Perhaps it is the infectious nature of hearing 10,000 30 year-old women scream like they’re 15, or the fact that in their 22 song set had a good 17 big hits that I remember every word too, but my scepticism subsides and I start to appreciate that the band are working hard to truly give what their fans what they want: a trip down memory lane.

The boys pull out the original choreography for the likes of I’ll Never Break You Heart and We’ve Got It Going On, and their timing doesn’t miss a beat. For the big sing-alongs (too many to name, but think Quit Playing Games, The One, More Than That, Shape Of My Heart and oh a little number called I Want It That Way) the boys extend the final choruses to really let their fans cherish the moment. I find myself struggling to remember a concert where the audience are being catered too in such a seemingly unselfish fashion. VIPs are lead on stage for an acoustic set, and are hugged, high-fived and kissed (!) by every member. The front row and the dance pit are also given plenty of chances for a grope as the boys regularly straddle the barriers.

With the exception of a few struggling notes from Brian, their live vocals sound strong, and the concert as a whole serves as a great reminder of how good their vocals all sound together. Moreover they can still hit the right notes while doing full-on dancing, something most modern artists (other than Beyonce) struggle to do. Performances of more recent singles like Incomplete and In A World Like This highlight that while their chart placements have diminished, the quality of their songs have not.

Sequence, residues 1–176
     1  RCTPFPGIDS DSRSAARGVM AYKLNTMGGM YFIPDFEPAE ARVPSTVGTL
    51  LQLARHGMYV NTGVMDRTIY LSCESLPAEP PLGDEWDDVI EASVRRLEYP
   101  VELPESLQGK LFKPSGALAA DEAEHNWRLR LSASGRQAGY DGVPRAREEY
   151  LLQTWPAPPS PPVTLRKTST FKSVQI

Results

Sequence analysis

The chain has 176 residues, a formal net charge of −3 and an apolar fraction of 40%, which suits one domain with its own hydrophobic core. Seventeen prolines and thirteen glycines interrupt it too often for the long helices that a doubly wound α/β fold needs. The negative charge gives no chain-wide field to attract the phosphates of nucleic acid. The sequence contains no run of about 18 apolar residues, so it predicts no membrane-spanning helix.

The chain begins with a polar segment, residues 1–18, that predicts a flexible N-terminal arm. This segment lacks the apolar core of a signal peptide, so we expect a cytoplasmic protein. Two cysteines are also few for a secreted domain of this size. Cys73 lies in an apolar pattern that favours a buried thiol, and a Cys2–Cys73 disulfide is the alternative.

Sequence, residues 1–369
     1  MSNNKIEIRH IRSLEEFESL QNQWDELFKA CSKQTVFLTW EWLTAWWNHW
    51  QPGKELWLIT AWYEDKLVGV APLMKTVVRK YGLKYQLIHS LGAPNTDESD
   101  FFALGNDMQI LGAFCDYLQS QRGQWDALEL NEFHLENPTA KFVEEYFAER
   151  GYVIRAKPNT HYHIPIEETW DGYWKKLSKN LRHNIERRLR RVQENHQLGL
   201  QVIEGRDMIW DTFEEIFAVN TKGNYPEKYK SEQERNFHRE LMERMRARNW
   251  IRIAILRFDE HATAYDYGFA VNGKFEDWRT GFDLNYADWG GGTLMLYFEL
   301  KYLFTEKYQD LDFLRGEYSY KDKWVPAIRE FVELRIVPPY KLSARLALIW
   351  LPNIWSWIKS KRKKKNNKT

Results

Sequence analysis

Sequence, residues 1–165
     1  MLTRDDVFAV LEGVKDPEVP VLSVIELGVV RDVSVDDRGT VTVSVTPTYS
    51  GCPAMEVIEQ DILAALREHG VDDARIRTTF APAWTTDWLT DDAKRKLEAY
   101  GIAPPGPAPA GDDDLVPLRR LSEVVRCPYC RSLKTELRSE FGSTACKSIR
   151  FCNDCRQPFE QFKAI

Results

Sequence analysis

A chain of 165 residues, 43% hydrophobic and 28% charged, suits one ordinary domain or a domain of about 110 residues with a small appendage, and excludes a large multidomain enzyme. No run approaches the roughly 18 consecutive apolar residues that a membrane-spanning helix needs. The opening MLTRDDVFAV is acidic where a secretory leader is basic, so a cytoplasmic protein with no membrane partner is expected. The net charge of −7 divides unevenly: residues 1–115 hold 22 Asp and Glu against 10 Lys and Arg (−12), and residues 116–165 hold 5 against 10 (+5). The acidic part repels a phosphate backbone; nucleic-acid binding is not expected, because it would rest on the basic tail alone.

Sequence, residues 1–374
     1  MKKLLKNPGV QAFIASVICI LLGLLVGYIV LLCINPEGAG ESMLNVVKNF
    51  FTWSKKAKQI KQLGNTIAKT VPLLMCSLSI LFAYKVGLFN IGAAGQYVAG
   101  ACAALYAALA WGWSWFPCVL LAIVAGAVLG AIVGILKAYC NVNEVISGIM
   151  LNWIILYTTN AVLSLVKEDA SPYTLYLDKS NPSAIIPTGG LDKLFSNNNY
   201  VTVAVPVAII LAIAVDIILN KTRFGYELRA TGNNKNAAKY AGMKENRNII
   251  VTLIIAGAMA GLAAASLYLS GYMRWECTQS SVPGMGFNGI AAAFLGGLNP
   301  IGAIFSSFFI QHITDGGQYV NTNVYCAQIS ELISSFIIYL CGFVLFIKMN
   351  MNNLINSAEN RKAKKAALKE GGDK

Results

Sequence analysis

But at the heart of the spectacle is the boys themselves. Nick proves to be as charismatic as ever and leaves you feeling like the band simply couldn’t function without him. As a kid my favourite was always Brian (even today he still gets the biggest screams) but after last night I’ve converted into an AJ man. The daddy of the group, his powerful deep voice is something to behold. Howie, meanwhile looks like he has defied aging over the last 15 years, but I have to admit I want to burn him alive when he changes the lyric of their biggest hit to “Cause I want it New Zealand’s way”!! That’s too much cheese, even for me.

Oh and Kevin… well, the band feels stronger with him than without him at least.

By the time they hit their two encores Backstreet’s Back and Larger Than Life, the boys have truly proved they can still do everything, even playing their own instruments at points. With a big set of drums on stage, I reckon these closing numbers would look/sound even better, and perhaps with a show presentation more reminiscent to touring giant Pink, the boys could show everyone how relevant they can be and find a place back on the charts (not just in our nostalgic hearts).

Article | Oliver Hall.